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I think it goes without saying that being a mom can be really exhausting. Don’t worry, this is not one of those ridiculous rants that people post on Facebook about how “I am a full time nurse, a cook, a launderer…”, gosh, I hate those things. I will not encourage you to “Like” this post if you are an exhausted mom. I will, however, encourage you to pull yourself away from the Halloween candy you bought early (Snickers!) and catching up on episodes of Parenthood, and go to the store to get the ingredients to make this satisfying stew. This stew helped me, and I can’t deny that I am pretty darn tired.

I am just coming out of the newborn haze, Lulu has passed the four month mark, and although we’re still working out the quirks, we are finding our rhythm. One thing I tend to do, and perhaps you do too, is to output too much and not take enough in. I do this with energy and love, and often with food too. I make food for my kids, my husband, my neighbors… but sometimes I forget to take care of myself. Sometimes I even forget to eat, which I know is totally ridiculous/dumb/absurd.

I had this moment the other day when I was pumping breast milk and I could swear to you that the breast pump was saying, “de–plete … de–plete … de–plete …” as it expressed milk (drained life-source from my body). That’s when I knew that I was probably in need of some real, honest to goodness, sustenance. And probably something high in iron too. I am helplessly anemic, and always have been. Usually, I forget about it until inanimate objects (such as a breast pump) start to threaten me, or I get lightheaded… both of which have been happening lately. I actually tend to shy away from red meat but then there are times when I crave a really great burger, a perfectly seared steak, or a rich and nourishing beef stew. I’d never had a beef stew that I liked until I made Julia Child’s Boeuf Bourguignon a few years ago. I entered into it skeptically and was shocked by how wonderful it was.

After my breast pump made me want to cry, I had Kyle pull some organic, locally raised stew meat from the freezer and I looked around the house for ingredients to make a beef stew. I quite honestly didn’t have the energy to drive to the store to get the ingredients for Julia’s Boeuf Bourguignon, her stew takes many steps and many hours. I wanted similar flavor without doing all the work. We had enough on hand so I set to work. The result of a few basic ingredients, prepared thoughtfully, resulted in a beef stew that really helped boost my energy. We ate it together as a family while the rain whipped against the windows… we may have even been wearing our pajamas at the dinner table.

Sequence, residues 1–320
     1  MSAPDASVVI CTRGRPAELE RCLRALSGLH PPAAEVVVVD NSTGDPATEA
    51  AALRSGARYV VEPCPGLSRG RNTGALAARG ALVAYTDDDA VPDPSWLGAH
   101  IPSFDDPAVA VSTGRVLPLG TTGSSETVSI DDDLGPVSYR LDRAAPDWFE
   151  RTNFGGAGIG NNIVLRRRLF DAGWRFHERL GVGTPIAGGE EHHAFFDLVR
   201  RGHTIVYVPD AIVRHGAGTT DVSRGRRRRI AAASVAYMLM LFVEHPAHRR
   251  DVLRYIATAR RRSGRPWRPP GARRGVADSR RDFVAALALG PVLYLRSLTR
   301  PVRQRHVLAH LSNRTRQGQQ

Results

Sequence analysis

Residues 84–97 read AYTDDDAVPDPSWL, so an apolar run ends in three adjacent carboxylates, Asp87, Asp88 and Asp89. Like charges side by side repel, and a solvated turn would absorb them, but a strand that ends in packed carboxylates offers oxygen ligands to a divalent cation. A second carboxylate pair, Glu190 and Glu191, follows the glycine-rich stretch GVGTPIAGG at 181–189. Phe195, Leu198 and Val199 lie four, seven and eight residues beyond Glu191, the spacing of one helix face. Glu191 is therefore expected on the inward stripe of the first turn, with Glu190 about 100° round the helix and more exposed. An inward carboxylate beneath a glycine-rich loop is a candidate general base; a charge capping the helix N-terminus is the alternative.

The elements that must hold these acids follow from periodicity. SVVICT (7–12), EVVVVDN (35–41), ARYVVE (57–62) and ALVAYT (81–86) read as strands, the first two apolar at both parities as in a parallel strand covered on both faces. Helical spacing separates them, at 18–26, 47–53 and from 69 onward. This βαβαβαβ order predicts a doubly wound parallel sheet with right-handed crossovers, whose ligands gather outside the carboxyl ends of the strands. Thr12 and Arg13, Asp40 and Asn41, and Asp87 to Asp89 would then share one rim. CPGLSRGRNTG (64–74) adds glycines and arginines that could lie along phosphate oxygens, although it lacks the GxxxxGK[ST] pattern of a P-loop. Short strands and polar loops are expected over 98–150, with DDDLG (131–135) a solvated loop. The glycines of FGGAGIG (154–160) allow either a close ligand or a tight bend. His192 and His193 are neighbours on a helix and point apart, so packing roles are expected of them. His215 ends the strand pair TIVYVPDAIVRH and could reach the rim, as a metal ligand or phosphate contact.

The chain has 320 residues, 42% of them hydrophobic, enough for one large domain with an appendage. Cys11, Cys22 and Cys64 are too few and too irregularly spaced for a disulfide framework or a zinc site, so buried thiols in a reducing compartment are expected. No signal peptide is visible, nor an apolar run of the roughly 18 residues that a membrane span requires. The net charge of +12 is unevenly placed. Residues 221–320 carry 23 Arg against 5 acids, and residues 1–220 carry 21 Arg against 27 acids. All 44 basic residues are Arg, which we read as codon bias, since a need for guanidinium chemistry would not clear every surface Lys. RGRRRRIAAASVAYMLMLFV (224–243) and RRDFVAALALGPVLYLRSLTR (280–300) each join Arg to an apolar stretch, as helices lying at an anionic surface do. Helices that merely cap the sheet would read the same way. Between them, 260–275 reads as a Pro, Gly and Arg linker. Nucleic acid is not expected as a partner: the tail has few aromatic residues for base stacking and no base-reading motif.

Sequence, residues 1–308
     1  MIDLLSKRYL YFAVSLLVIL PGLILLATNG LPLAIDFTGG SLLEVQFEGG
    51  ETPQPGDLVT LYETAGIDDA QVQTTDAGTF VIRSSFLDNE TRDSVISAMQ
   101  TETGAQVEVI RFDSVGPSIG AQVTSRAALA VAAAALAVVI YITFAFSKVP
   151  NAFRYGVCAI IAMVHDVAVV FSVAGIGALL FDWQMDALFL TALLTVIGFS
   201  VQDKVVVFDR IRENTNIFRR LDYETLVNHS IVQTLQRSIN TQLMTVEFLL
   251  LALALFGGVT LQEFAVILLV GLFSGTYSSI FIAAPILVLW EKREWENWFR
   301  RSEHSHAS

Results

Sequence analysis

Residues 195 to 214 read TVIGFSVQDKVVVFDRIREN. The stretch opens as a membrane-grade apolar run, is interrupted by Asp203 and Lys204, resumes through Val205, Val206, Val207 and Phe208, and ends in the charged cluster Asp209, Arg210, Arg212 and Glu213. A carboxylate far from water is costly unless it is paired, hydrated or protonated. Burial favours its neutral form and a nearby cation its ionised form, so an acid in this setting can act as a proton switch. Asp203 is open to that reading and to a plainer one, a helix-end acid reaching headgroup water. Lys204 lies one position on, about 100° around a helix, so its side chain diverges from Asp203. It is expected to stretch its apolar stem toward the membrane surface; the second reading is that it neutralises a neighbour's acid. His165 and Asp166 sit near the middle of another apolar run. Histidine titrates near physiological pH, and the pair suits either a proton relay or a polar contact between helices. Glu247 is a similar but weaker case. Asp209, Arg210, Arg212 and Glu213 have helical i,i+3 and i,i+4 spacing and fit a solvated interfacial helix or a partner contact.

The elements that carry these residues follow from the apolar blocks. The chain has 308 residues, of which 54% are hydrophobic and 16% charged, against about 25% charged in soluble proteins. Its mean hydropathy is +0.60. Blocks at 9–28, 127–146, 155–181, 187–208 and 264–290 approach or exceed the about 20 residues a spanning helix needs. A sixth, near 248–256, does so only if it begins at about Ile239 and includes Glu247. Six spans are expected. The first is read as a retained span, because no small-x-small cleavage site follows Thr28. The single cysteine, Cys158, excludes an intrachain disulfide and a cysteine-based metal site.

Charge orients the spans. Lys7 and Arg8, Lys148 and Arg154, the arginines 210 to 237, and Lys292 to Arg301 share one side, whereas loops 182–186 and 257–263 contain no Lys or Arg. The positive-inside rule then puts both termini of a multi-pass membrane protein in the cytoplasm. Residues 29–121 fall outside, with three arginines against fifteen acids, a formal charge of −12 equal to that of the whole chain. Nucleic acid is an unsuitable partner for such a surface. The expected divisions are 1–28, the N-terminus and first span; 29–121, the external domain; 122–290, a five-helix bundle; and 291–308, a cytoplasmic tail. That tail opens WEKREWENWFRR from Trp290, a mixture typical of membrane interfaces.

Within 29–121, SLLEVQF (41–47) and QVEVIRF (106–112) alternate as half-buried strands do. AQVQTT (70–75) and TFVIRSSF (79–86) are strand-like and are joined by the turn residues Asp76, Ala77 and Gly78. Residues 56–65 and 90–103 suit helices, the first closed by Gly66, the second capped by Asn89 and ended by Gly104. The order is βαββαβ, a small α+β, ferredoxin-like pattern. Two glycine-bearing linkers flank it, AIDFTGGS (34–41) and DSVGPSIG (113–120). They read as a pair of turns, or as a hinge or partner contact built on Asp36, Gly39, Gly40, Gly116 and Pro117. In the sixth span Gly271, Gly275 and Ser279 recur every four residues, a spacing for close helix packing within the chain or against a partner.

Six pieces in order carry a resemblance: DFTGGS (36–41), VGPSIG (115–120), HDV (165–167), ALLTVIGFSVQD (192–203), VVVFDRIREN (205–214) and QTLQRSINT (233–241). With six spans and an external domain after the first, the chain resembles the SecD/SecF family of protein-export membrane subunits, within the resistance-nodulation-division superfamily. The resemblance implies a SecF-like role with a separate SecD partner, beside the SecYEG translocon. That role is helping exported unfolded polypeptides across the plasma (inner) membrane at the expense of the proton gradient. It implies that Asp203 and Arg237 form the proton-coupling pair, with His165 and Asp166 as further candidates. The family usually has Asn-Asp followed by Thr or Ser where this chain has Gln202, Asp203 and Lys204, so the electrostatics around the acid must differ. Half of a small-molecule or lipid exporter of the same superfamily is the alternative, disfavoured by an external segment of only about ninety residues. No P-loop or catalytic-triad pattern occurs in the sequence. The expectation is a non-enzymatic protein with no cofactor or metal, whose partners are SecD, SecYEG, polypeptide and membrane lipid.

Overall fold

Whether you’re depleted or not, this stew is really satisfying, and fortifying. It certainly helped me feel a little less afraid of my breastpump and my alarm clock. …did you see that? I just lied to you. I don’t have an alarm clock. Kyle does and I hate it. My alarm clocks are cute, fuzzy pajama’d little pips. Although I sometimes fear the hour at which they wake up, those girls don’t scare me one bit.

Classic Beef Stew RecipePIN

2 pounds stew beef
1 quart beef broth
several small cippolini onions, peeled and roughly quartered or 1 medium yellow onion, peeled and chopped
1 large carrot, thinly sliced into discs
red wine
a few sprigs fresh rosemary
a few sprigs fresh thyme
2 tablespoons flour
1 bay leaf
3 garlic cloves, minced
1/2 tablespoon tomato paste
kosher salt
freshly ground black pepper
1 tablespoon butter
vegetable or canola oil
Italian parley, roughly chopped

Using paper towels, thoroughly dry each piece of stew meat and set aside. When all the meat is dried, sprinkle it with a bit of kosher salt and freshly ground black pepper.

Heat two tablespoons of vegetable or canola oil over medium high heat in a large dutch oven. Working in batches, brown the meat. Give them space and turn them to make sure all the sides are browned nicely. Remove from the pot and set aside. Repeat with the remaining meat.

Pour a couple tablespoons of beef broth into the pot and gently scrape up the all the brown bits (the fond) from the bottom of the pot. Pour this over the browned meat.

Preheat your oven to 325º.

Heat another tablespoon of oil in your pot, over medium-high heat, before adding the onions along with the thyme and rosemary sprigs. Sauté the onions until they are softened and on the verge of browning, 5-7 minutes. Meanwhile, heat 1 tablespoon butter in a separate frying pan until it starts to brown a bit around the edges, toss in the carrots and sauté until they are bright and vibrant in color, 3-5 minutes. Toss in the garlic and sauté for another minute. Add the carrots, garlic, and butter to the onions and stir to combine.

Return the meat and drippings to the pot, toss with the vegetables. Sprinkle in 1 tablespoon flour, stir it in thoroughly, and cook for 1-2 minutes before adding in 2 cups red wine, the rest of your beef broth, the bay leaf, and tomato paste. Stir well. Cover with a tight fitting lid and place in the oven for 2 1/2-3 hours. Check at the 2 1/2 hour mark to make sure you have enough liquid… you want the broth to be nice and thick, gravy-like enough to really coat a spoon. If you’re happy with it, pull it out, or leave it for another half hour. If it’s still “soupy” you can remove the meat, onions, etc. and reduce the liquid on the stovetop for a few minutes.

Remove from oven, sprinkle with parsley, and serve alongside some crusty french bread or garlic bread. We had some freshly plucked French Breakfast radishes so I sliced them and sprinkled them over the garlic bread, which was a very good decision.


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